Han (Alden Ehrenreich) and his girlfriend Qi’ra (Emilia Clarke) are struggling to survive on the mean streets of Corellia. When Han runs afoul of a local criminal, they go on the run. Split up by circumstance, Han enrolls to fight for the Empire if it reunites him with Qi’ra.
Instead, he spends three years in the trenches, where he runs into Tobias Beckett (Woody Harrelson). Beckett hires Han and a Wookie named Chewbacca to help him steal a shipment of coaxium, a precious fuel. But other parties are also after the coaxium, including the Empire. Soon Han comes across old friends and new — including Lando Calrissian (Donald Glover) — as he learns a valuable lesson: trust no one.
The material isn’t weak, but there’s a pacing issue that leads to an anticlimactic feeling. The movie focuses on Han’s relationships with Qi’ra and Chewie. Which, unfortunately, means we don’t get many scenes spent on Han’s relationship with Lando. What we do get is good, though.
The movie generally does a great job of not feeling like an “Important Moments in Han Solo History” checklist. There are a couple of obligatory fan-service moments that don’t stick the landing. But they’re rare, and front-loaded anyway, making them easy to forgive.
‘We’re Fine. How Are You?’
It’s well known by now that Phil Lord and Chris Miller started at the helm of Solo. But Lucasfilms replaced them with Ron Howard, making this the first Star Wars movie helmed by an Oscar-winner. Solo isn’t exactly an Oscar movie. But Howard brings a firm understanding of pacing, action, and character.
John Powell’s score is excellent, making use of the existing Star Wars themes. When he does use them, they shine. The cinematography by Bradford Young is a bit dark, but lights and colors look great when they need to. The visual effects are well done, but with a reported production budget of $250M, that’s less impressive than expected. Production design, sound design, and costumes are all aces, as you’d expect.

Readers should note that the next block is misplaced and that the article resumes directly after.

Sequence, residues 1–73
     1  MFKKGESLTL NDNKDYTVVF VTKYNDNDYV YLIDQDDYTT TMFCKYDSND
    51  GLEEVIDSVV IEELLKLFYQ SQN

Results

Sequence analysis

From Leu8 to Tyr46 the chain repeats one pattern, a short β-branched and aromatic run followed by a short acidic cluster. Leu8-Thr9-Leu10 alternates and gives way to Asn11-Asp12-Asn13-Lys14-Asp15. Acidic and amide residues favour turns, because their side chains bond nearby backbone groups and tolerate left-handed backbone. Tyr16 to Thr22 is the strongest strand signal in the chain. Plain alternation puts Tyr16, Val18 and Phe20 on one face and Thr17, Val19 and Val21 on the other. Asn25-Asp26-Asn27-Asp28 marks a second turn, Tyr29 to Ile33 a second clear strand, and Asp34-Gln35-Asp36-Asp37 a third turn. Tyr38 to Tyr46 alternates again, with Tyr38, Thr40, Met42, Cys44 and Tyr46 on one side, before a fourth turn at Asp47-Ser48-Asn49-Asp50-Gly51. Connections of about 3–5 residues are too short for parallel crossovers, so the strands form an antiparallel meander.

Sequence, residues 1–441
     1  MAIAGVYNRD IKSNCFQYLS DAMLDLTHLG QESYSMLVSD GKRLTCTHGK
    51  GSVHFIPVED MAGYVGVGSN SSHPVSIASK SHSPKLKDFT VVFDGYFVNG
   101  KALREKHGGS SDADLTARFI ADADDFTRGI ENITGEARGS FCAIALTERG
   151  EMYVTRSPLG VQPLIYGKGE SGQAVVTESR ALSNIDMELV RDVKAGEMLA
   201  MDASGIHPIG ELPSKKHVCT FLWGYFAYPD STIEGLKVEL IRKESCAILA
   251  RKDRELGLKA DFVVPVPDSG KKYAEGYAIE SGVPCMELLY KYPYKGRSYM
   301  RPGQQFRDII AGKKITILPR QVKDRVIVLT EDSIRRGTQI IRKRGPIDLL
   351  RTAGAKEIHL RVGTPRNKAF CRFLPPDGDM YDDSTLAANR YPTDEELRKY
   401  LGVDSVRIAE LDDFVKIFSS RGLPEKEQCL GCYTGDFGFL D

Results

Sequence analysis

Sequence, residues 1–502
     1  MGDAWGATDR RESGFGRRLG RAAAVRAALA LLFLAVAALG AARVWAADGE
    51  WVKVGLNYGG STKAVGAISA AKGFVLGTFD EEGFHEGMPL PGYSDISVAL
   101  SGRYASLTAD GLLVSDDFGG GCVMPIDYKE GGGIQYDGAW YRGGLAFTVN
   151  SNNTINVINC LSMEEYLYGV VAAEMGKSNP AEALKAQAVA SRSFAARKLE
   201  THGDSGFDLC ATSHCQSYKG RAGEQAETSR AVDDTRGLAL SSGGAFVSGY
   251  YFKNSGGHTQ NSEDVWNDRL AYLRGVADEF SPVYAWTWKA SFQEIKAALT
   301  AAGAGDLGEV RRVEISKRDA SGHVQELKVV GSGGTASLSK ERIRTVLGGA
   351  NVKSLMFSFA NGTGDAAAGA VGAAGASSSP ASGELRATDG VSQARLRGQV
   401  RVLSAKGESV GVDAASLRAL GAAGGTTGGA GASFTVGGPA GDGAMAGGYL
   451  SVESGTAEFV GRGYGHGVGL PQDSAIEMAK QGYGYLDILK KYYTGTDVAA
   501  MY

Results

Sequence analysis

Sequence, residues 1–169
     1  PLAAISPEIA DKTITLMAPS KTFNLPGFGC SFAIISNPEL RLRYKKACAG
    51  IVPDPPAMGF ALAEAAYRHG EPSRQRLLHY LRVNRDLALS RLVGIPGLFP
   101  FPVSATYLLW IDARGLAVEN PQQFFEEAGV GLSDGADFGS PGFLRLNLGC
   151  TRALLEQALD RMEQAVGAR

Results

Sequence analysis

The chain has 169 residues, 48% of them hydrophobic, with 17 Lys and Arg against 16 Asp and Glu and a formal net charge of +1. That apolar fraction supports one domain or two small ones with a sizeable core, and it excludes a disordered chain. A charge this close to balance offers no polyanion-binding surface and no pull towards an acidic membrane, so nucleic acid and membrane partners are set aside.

At 135 minutes, the movie flows relentlessly up to a point. The film climaxes with the famed Kessel Run but goes on for another half-hour to tie up loose ends. Of course, it’s also obligated to open the door to a couple of potential sequels.
The big question: how is Alden Ehrenreich? He’s fine. He’s not great or fantastic. But he nails the attitude and swagger of Ford’s iconic interpretation. The one thing Ehrenreich whiffs on is the voice.
Donald Glover, on the other hand, is terrific and nails Lando. In fact, he’s so good that there are lines I thought Billy Dee Williams may have dubbed the lines. The voice, the speech pattern, the duplicity — Glover is a chameleon.
Emilia Clarke emerges as the movie’s surprise MVP, essaying a character that is tough, sexy, and not as cherubic as she appears. Harrelson sleepwalks through the part; he’s not bad, but it’s not very demanding work. Thandie Newton isn’t given much to do. Phoebe Waller-Bridge (L3-37, via performance capture) is funny and not overused.
The Bottom Line: A thrilling if unsubstantial Star Wars spinoff. Solo may not offer a story anyone needs to know, but it’s a damn fun ride for those willing to take it.